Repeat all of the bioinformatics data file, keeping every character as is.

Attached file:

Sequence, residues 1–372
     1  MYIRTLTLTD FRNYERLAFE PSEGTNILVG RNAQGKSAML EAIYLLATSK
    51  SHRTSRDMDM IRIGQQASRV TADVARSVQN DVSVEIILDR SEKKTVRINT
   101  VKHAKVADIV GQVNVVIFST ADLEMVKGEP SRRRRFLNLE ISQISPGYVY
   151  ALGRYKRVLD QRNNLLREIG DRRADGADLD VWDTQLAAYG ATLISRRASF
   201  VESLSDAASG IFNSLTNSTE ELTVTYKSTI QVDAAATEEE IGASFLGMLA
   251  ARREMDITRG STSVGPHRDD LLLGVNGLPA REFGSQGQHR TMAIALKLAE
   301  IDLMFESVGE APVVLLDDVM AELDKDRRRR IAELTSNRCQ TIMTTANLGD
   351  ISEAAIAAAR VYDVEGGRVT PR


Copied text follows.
Sequence, residues 1–372
     1  MYIRTLTLTD FRNYERLAFE PSEGTNILVG RNAQGKSAML EAIYLLATSK
    51  SHRTSRDMDM IRIGQQASRV TADVARSVQN DVSVEIILDR SEKKTVRINT
   101  VKHAKVADIV GQVNVVIFST ADLEMVKGEP SRRRRFLNLE ISQISPGYVY
   151  ALGRYKRVLD QRNNLLREIG DRRADGADLD VWDTQLAAYG ATLISRRASF
   201  VESLSDAASG IFNSLTNSTE ELTVTYKSTI QVDAAATEEE IGASFLGMLA
   251  ARREMDITRG STSVGPHRDD LLLGVNGLPA REFGSQGQHR TMAIALKLAE
   301  IDLMFESVGE APVVLLDDVM AELDKDRRRR IAELTSNRCQ TIMTTANLGD
   351  ISEAAIAAAR VYDVEGGRVT PR